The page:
It's extremely important that users have a good experience interfacing with their virtual desktops; otherwise, they won't use them.
VDI users do not care about the underlying infrastructure and architecture and all the moving parts IT has to balance. They expect VDI to provide an experience that is at least as good as, if not better than, using a physical desktop. Those are often tough expectations to live up to, but all things considered, it's in IT's best interest to do whatever it can to provide a strong VDI user experience (UX).
The biggest key to ensuring a good end-user experience is to allocate sufficient hardware resources to virtual desktops to prevent performance from suffering. But there is more to providing a good VDI user experience than simply managing hardware resource allocations. Here are some general guidelines that apply to any VDI deployment.
End-user experience monitoring
Although the UX is subjective, it's important to know what's going on within a VDI deployment, and there are a variety of end-user experience monitoring products that focus on different key activities. A UX monitoring tool might, for example, measure the amount of time it takes users to login or for an application to load. There are also tools that measure input responsiveness and graphics quality.
Many of the available UX monitoring tools also notify administrators when certain aspects of the UX drop below pre-established standards. Some tools even attempt to perform automatic remediation or provide the VDI administrator with the information needed to diagnose the problem.
Brian Madden and Gabe Knuth talk from BriForum 2015
Plan for service outages
Outages are rare in the world of physical desktops because each desktop uses dedicated hardware. Furthermore, IT typically sets up redundant networking components such as domain controllers, DNS servers and network switches. That means a resource failure might impact a single user, or possibly a group of users, but nothing short of a power failure will cause a mass service outage.
VDI is different because users' desktops do not have the advantage of decentralized hardware; all of the virtual desktops run on back-end virtualization hosts. Because of this, any infrastructure failure has the potential to affect a large numbers of VDI users. IT departments must have a plan for preventing mass service outages as well as a strategy for coping with any outages that do occur.
The best way to prevent an outage from occurring is to take advantage of redundancy. Every hardware and software component should be redundant, otherwise the failure of a single component could potentially result in a large-scale service disruption.
Of course, even the best plans can fall victim to Murphy's law, so it's important to have a strategy for service outages. Such a plan might revolve around on-site support or it may involve an IT services support contract. In any case, there needs to be a pre-planned course of action for dealing with outages.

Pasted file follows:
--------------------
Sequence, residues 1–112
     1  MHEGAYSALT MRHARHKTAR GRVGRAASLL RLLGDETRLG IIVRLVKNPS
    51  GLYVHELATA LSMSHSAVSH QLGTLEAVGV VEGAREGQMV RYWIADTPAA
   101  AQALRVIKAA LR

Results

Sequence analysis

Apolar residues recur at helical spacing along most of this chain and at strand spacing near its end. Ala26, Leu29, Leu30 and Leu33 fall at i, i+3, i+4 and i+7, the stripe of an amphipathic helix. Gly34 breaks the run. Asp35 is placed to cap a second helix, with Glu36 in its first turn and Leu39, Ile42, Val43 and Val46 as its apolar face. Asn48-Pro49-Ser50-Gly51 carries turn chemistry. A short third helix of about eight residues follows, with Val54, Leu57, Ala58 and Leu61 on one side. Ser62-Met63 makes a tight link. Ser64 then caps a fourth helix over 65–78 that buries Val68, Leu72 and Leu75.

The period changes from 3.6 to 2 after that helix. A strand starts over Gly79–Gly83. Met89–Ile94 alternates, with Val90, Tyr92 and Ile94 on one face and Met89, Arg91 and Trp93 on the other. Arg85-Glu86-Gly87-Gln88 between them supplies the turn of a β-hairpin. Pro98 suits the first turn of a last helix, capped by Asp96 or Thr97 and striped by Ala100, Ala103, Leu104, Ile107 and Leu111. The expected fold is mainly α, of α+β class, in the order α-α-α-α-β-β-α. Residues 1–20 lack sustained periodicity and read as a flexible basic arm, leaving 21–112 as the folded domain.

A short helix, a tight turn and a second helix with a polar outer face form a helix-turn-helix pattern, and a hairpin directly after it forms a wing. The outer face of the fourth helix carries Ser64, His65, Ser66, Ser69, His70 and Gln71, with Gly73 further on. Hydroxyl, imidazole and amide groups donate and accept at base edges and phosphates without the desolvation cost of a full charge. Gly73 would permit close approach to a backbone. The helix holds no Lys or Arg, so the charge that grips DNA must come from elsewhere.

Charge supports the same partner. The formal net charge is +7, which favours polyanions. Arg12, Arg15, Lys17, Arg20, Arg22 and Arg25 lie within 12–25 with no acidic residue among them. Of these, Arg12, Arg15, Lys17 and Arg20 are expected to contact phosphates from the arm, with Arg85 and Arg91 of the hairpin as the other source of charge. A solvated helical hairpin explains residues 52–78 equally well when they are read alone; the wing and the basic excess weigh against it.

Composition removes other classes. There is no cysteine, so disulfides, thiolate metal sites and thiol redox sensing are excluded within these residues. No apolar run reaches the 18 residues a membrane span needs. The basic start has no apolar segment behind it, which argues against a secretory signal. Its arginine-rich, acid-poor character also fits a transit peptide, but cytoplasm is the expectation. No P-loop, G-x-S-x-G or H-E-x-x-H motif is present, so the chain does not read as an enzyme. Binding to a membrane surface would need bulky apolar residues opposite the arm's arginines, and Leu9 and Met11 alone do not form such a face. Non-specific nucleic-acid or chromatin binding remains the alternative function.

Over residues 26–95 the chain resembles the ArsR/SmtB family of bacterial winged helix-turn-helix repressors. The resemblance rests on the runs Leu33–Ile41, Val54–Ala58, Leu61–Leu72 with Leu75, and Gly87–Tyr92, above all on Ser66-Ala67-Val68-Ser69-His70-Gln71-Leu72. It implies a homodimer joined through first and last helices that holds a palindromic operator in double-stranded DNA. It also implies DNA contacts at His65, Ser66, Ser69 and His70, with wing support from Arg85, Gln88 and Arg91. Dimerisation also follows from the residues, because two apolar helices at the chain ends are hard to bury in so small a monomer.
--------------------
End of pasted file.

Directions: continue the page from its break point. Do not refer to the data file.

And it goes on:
Adopt a "VDI way" of doing things
What this concept really boils down to is being conscious of what the VDI users and administrative staff are doing.
Remember that virtual desktops are really just virtual machines running on top of a hypervisor. Like any other virtual machines, virtual desktops must share the available hardware resources. If those resources run low, performance can suffer, so it is important to use the available hardware resources efficiently.
IT needs to adopt a VDI way of thinking about the various actions that might occur on a virtual desktop and determine whether they are necessary features to include. Actions considered routine on a physical desktop can waste resources on a virtual desktop. One example of this is hard disk defragmentation. Some operating systems perform automated hard disk defragmentation, which can help PC performance, but creates unnecessary storage I/O in a virtual desktop environment.
Some other things that IT might consider limiting include anti-malware scanning, Windows page file usage and Windows background apps. By default, Windows 10 allows background apps to download various types of data. From the user perspective, IT might consider restricting online activities. Playing high-definition YouTube videos, for example, consumes unnecessary resources.
The end-user experience in a VDI deployment is strongly connected to whether IT allocates enough hardware resources to users' virtual desktops, but also to how efficiently IT uses those resources. Administrators can further ensure a good UX by using monitoring software and by having plans for preventing and coping with outages.
How the mobile VDI user experience has changed
Compare Citrix and VMware's user profile management tools
Shore up VDI network latency issues to improve UX